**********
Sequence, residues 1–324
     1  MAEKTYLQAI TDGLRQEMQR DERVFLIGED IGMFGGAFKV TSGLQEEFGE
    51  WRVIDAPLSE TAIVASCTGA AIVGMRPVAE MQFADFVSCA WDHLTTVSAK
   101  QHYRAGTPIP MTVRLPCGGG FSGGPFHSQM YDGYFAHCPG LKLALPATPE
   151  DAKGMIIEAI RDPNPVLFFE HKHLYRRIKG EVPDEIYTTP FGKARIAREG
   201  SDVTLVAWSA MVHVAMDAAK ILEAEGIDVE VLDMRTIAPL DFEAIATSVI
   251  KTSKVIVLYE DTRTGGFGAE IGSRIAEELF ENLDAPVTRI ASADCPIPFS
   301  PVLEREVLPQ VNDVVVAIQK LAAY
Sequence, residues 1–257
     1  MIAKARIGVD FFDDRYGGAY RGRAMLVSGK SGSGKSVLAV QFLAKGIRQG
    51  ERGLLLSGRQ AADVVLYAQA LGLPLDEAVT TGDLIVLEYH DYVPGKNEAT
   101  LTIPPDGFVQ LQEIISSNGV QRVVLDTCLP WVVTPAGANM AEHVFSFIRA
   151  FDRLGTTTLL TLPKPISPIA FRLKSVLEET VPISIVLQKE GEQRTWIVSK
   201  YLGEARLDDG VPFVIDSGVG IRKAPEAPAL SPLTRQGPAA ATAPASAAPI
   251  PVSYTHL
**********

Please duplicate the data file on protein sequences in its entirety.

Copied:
Sequence, residues 1–324
     1  MAEKTYLQAI TDGLRQEMQR DERVFLIGED IGMFGGAFKV TSGLQEEFGE
    51  WRVIDAPLSE TAIVASCTGA AIVGMRPVAE MQFADFVSCA WDHLTTVSAK
   101  QHYRAGTPIP MTVRLPCGGG FSGGPFHSQM YDGYFAHCPG LKLALPATPE
   151  DAKGMIIEAI RDPNPVLFFE HKHLYRRIKG EVPDEIYTTP FGKARIAREG
   201  SDVTLVAWSA MVHVAMDAAK ILEAEGIDVE VLDMRTIAPL DFEAIATSVI
   251  KTSKVIVLYE DTRTGGFGAE IGSRIAEELF ENLDAPVTRI ASADCPIPFS
   301  PVLEREVLPQ VNDVVVAIQK LAAY
Sequence, residues 1–257
     1  MIAKARIGVD FFDDRYGGAY RGRAMLVSGK SGSGKSVLAV QFLAKGIRQG
    51  ERGLLLSGRQ AADVVLYAQA LGLPLDEAVT TGDLIVLEYH DYVPGKNEAT
   101  LTIPPDGFVQ LQEIISSNGV QRVVLDTCLP WVVTPAGANM AEHVFSFIRA
   151  FDRLGTTTLL TLPKPISPIA FRLKSVLEET VPISIVLQKE GEQRTWIVSK
   201  YLGEARLDDG VPFVIDSGVG IRKAPEAPAL SPLTRQGPAA ATAPASAAPI
   251  PVSYTHL